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Millionaires aren't impressed by estate tax reform

Most of the nation's millionaires believe that the repeal of the estate tax will leave them paying less, but few are ready to change their estate plans, says a recent survey.

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"They know that the law leaves the future open with its sunset provision."

Over the next eight years, the estate tax will be gradually reduced, both by cutting the tax rate and by increasing the exemption levels. In 2010, the estate tax will be completely repealed, but heirs will be subject to capital gains taxes on any inheritance that they sell. Unless the repeal is ratified by a 60-40 vote in the senate, the estate tax will automatically spring back into effect in 2011.

According to a 2001 survey of "high net worth individuals" — defined as those who have more than $1 million in assets, not including a home, above and beyond their debts — conducted for The Phoenix Cos. Inc., 64 percent said they believed the new legislation would decrease their taxes, but an additional 30 percent thought the law would either have no impact on their estate taxes or cause their taxes to go up.

"This group is knowledgeable about the tax law changes, but they are not responding with dramatic changes in their estate plans," says Walter Zultowski, senior vice president of marketing and market research for Phoenix Life Insurance Co. "They know that the law leaves the future open with its sunset provision."

According to Zultowski, these provisions have left many millionaires uncertain about what the future of estate planning holds, and most are choosing to sit tight with their current inheritance plans.

The 2001 survey (which has not been updated) also found that of high net worth individuals:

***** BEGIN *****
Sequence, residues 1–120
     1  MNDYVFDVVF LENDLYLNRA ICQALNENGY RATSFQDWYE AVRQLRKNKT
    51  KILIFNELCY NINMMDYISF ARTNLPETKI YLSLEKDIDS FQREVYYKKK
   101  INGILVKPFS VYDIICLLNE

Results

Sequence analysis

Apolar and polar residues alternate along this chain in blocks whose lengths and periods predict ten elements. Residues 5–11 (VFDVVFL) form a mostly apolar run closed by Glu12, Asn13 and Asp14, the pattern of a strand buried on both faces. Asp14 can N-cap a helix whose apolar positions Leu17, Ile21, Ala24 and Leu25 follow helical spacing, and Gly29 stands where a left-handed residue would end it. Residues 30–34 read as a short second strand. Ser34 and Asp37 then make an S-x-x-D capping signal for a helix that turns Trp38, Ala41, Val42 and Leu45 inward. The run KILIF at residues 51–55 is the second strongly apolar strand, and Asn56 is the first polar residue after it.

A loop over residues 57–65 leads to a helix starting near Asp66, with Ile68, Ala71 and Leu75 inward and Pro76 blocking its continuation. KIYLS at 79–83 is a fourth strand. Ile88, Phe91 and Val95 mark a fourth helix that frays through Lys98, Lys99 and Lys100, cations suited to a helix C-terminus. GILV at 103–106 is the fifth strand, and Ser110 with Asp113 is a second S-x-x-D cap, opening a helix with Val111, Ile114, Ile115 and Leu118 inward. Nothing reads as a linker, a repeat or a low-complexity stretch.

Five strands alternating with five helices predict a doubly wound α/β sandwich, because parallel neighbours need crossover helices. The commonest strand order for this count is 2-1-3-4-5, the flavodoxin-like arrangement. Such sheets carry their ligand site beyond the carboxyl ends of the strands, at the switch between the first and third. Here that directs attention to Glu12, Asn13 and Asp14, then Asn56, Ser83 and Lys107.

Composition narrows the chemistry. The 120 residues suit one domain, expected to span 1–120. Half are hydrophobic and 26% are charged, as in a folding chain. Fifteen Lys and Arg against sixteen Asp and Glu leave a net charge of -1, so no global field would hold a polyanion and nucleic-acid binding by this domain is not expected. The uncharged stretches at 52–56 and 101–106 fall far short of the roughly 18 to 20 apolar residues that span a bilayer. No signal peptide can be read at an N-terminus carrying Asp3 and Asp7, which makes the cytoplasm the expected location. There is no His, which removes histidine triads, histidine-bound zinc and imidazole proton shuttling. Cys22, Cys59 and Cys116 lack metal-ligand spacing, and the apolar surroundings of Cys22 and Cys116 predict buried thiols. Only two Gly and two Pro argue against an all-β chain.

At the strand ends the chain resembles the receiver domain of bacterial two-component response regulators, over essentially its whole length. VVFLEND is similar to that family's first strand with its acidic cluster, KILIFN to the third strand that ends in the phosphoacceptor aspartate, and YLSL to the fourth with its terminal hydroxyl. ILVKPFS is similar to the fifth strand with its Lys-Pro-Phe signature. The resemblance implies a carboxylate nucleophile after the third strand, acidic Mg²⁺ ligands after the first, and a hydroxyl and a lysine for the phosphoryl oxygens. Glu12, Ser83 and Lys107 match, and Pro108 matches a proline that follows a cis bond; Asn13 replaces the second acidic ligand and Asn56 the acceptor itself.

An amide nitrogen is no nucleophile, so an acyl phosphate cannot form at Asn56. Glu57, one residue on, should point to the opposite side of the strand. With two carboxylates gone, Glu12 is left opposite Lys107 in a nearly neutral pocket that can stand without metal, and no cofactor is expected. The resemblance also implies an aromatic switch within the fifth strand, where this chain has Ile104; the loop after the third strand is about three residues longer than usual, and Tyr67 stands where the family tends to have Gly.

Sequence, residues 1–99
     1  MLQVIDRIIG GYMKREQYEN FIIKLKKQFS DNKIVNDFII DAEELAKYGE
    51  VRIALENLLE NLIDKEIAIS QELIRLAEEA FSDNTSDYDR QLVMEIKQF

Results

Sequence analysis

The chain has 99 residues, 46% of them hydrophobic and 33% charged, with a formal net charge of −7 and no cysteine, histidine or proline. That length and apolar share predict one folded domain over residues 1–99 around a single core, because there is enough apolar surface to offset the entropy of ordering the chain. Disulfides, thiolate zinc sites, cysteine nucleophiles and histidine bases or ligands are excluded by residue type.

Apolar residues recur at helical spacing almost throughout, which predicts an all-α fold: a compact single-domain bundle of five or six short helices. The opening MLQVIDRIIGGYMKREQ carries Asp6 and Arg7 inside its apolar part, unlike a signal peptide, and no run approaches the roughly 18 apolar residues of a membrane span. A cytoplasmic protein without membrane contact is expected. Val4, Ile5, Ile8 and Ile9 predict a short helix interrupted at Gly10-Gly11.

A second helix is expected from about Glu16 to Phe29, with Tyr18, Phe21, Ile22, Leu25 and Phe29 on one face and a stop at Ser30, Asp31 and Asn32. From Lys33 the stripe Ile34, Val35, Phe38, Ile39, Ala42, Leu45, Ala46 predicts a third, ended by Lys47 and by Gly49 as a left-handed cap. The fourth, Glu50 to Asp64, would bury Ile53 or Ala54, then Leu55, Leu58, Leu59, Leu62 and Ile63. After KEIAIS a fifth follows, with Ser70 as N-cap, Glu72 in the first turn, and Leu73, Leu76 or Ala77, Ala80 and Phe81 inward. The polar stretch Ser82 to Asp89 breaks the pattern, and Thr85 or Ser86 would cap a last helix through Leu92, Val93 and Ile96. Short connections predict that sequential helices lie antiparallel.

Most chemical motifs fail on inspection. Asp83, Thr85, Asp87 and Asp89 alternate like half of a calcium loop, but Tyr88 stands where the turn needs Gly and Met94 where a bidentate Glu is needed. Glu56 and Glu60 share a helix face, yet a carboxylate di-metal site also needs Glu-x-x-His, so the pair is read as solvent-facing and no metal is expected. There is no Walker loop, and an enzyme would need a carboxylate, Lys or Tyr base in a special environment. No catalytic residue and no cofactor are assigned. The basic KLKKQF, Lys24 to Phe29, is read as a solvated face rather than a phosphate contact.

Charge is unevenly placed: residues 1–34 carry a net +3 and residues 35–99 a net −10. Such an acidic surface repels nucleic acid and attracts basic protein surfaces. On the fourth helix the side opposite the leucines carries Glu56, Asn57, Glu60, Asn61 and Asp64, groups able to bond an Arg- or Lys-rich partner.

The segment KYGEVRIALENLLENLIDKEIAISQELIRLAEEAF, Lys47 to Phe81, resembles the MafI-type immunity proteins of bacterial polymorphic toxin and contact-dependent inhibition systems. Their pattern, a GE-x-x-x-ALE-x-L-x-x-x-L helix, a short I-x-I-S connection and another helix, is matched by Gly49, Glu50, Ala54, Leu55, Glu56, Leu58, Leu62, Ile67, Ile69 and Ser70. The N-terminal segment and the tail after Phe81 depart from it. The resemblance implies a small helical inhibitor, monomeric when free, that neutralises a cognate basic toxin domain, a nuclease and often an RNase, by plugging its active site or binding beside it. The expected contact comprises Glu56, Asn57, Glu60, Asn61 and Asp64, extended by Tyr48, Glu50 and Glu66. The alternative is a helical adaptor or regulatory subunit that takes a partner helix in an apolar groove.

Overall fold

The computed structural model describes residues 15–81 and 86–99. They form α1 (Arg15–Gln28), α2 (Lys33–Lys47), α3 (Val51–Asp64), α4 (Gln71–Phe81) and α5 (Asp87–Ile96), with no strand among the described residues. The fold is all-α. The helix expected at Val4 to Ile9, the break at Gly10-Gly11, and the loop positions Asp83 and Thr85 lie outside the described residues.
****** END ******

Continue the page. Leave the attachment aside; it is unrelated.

• 47 percent plan to consult a financial advisor about estate planning.
  • 41 percent plan to leave existing trust funds in place.
  • 33 percent plan to either increase or maintain their plans for charitable giving.
  • 33 percent plan to either increase or maintain their plans for tax advantaged giving to their children.
  • 26 percent will leave existing life insurance policies in place.
  • Less than 5 percent plan to drop life insurance, terminate their trusts, or decrease their giving to charities or children.

"I think the big change you will see is that people will pay more attention to estate planning in a broader sense — more than just paying for estate taxes," says Zultowski.

The findings about the effects of the estate tax changes are a selection from Phoenix's annual wealth management survey.

Family-Owned Business Deduction (FOBD)
was repealed in 2004

One key change has already occurred as the Family-Owned Business Deduction (FOBD) was repealed in 2004. Recapture rules do continue to apply until either the recapture period expires or the recapture tax is triggered. This deduction provided that up to $1.3 million in value of a qualified family-owned business may be excluded from the estate for estate tax purposes. At first glance, this repeal seems not in keeping with Congress' goal of reducing estate taxes. However, the amount of the family-owned business deduction, when combined with the exemption amount, is limited to $1.3 million. Since the exemption amount increases to $1.5 million in 2004, the allowable deduction would have decreased to zero. As a result, Congress concluded that there was no longer a need for the deduction. Given the complex requirements for qualifying for the deduction, this is a good result for taxpayers.

 

State death tax credit also repealed

The state death tax credit was also repealed effective for those dying after 2004, and replaced with a state death tax deduction. The repeal of the state death tax credit will have no immediate effect on most estates, since Alaska's death tax is written in such a way that it only applies if the estate qualifies for the federal credit. The repeal of the federal credit will effectively repeal the state taxes. But do not be surprised if Alaska, or other states, revise their laws to impose their estate taxes even if the credit is no longer available. The result will be a net tax increase for estates located in those states.

Because the estate tax remains in effect until the end of 2009, it is not recommended that individuals immediately revise their estate plans to take advantage of its repeal. Since we all have a chance of dying before repeal takes place, it is necessary to have an estate plan that is designed to minimize the estate tax. In the end, there exists tremendous uncertainty regarding estate and transfer taxes after 2010, and now more than ever, careful analysis is needed by individuals planning estate transfers.

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